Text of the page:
Some jailers are wary of the video visitation rates, in part because of a federal crackdown on costly calls charged to inmates via conventional phones and critics who say inmates are being exploited.
(Tribune News Service) — Friday has always been date night for Jack Hamilton and his girlfriend.
Even since he was locked up 50 days ago in the Licking County jail, he still sees her — sort of.
His 20-minute respite from sterile concrete walls and jumpsuit-clad inmates is a weekly blessing with a $5 pricetag. That’s the promotional rate for video visitation at the county jail through a recent five-year contract with Securus Technologies. In some West Coast cities, that rate has more than doubled.
The Texas-based company is one of several vying for access to Ohio’s growing and captive inmate population.
Some jailers are wary of the offers, in part because of a federal crackdown last year on costly calls charged to inmates via conventional phones and critics who say inmates are being exploited.
Last fall, the Federal Communications Commission ordered a cap of 25 cents per minute on out-of-state calls and collect calls and 12 cents on prepaid or debit-card calls made by the nation’s inmates to friends and families.
Before the change, Ohio’s inmate phone calls in state prisons were among the nation’s most-expensive — more than $17 for a 15-minute call — with the state receiving commissions of $15 million annually from its vendor, Global Tel*Link.
The FCC crackdown doesn’t affect video visitation.
Statewide, there have been just a few contracts signed with a variety of vendors, according to the Massachusetts-based Prison Policy Initiative, an inmate-rights group.
But a modern-day gold rush awaits the vendors and jails seeking new revenue, said Bob Cornwell, of the Buckeye State Sheriffs Association.
“I think there is that rush to a big-time money windfall,” Cornwell said. “They’re wanting to make hay while the sun shines because the FCC will eventually come down on them, too.”
Future FCC rulings would not affect existing contracts, Cornwell said. And he’s worried that some jailers might accept deals hastily.
Costly calls can be a hardship for families and dangerous to society, critics say. Even 50 cents a minute “is not reasonable for the demographic, for some of the nation’s poorest families,” said Bernadette Rabuy of Prison Policy Initiative, based in Northampton, Mass.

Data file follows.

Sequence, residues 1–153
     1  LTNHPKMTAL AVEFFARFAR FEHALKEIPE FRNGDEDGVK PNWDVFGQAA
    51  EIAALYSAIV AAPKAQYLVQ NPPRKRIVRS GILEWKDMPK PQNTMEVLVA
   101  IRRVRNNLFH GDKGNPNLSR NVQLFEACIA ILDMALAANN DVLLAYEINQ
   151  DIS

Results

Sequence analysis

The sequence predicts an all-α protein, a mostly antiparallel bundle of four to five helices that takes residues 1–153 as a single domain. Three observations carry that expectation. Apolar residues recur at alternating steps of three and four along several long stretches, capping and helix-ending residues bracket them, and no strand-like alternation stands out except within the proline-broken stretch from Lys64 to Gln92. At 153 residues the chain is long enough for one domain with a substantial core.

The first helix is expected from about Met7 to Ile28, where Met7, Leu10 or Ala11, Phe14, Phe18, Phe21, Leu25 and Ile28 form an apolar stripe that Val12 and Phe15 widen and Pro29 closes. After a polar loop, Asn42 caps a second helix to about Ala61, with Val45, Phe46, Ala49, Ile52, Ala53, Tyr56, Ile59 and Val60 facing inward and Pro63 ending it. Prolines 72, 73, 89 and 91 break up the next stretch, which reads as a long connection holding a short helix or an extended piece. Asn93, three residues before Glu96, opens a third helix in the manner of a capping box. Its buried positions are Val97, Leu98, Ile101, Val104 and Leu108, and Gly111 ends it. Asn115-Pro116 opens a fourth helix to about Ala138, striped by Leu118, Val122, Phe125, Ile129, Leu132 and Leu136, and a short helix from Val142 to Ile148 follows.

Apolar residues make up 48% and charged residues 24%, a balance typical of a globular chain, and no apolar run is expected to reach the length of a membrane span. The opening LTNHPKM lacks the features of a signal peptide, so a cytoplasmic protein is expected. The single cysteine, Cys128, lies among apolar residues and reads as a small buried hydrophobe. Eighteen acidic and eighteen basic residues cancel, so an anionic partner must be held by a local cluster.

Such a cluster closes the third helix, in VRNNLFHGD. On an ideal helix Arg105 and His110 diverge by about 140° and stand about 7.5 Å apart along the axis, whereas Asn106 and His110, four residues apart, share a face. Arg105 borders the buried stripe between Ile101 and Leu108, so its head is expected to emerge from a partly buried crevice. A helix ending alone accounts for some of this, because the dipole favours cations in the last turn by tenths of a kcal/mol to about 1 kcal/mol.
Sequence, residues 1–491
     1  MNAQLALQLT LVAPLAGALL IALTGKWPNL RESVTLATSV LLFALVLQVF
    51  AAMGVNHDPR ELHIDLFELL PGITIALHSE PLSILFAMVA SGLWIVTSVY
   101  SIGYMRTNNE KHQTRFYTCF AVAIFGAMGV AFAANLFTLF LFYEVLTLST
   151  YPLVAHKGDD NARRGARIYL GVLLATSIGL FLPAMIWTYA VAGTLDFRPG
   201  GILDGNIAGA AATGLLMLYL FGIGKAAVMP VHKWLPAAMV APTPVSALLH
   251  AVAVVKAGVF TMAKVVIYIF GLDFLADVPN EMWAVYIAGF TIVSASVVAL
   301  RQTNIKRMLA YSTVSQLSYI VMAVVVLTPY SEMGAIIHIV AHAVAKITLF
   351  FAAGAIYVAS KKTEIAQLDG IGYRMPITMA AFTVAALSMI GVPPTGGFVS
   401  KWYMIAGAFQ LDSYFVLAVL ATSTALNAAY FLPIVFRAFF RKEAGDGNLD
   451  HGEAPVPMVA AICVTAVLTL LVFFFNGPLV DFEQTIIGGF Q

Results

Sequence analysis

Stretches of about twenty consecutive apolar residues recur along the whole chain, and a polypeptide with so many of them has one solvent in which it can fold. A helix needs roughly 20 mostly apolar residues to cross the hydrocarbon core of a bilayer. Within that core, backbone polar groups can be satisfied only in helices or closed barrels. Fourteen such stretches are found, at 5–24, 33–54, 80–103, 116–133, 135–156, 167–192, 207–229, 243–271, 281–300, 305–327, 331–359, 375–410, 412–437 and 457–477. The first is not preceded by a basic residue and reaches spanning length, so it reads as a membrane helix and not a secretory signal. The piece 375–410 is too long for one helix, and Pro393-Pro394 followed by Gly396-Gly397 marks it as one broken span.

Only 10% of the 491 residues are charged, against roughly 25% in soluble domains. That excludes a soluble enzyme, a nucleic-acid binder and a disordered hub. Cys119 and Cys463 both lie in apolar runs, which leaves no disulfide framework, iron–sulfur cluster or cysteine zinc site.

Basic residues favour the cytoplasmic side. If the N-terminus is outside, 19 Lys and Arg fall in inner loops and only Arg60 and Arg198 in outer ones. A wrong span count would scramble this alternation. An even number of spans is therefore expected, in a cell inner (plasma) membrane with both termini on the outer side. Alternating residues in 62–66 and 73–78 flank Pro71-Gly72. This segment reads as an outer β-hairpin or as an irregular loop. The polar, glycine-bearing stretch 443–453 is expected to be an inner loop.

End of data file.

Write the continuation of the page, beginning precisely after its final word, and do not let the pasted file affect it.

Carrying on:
Inmates are happier and recidivism is lower when there is regular, direct contact with loved ones. High-cost, impersonal visits work against that, Rabuy said.
The Newark jail used to allow visitors to speak to inmates through holes in glass partitions. The partitions were removed when the jail was remodeled in 2001. The jail offers 50 minutes weekly of free video chats for its 200 to 300 inmates. That is separate from the Internet-based system installed by Securus. Inmates use adjacent, similar, video hookups to access the two systems. The jail has a room with 20 cubicles where visitors use video screens to talk to inmates.
The Securus system allows friends and family to pay for and contact inmates at a prearranged time from anywhere via home computers. Inmates have a similar, shared setup in their living areas and are notified when a call arrives. The jail gets a 20 percent commission.
Limiting inmate movement within the jail can prevent fights and the sharing of drugs and weapons, said sheriff’s Lt. Chris Barbuto, who oversees the inmates. “And it’s going to make them more well-adjusted and happier.”
As Hamilton, 28, awaits a pretrial hearing on drug-possession charges, he splits his free calls among his girlfriend, mom and two children, ages 6 and 8. His girlfriend, who is studying to be a teacher, pays for the Friday “visits.”
“Every day I look forward to it,” Hamilton said. “I can’t wait until Friday. Seeing her face really livens me up. It lets you know you’ve got people standing beside you.”
Montgomery, Sandusky and Summit county jails also are trying out video visits.
And Ohio’s 31 prisons and holding facilities offer the service through vendor JPay for $9.90 for 30 minutes.
The Franklin County jail might consider replacing in-person with video visitation when it opens a new facility in 2019, said Jim Goodenow, director of facilities for the county. A “philosophy of fairness” keeps regular phone-call charges “well below the average,” he said.
For Hamilton, video might have advantages over in-person visits.
“You’re looking at them on a screen with a phone against your ear,” he said. “But somehow it’s not near as depressing as having them right there where I should be able to touch them.”
©2015 The Columbus Dispatch (Columbus, Ohio) Distributed by Tribune Content Agency, LLC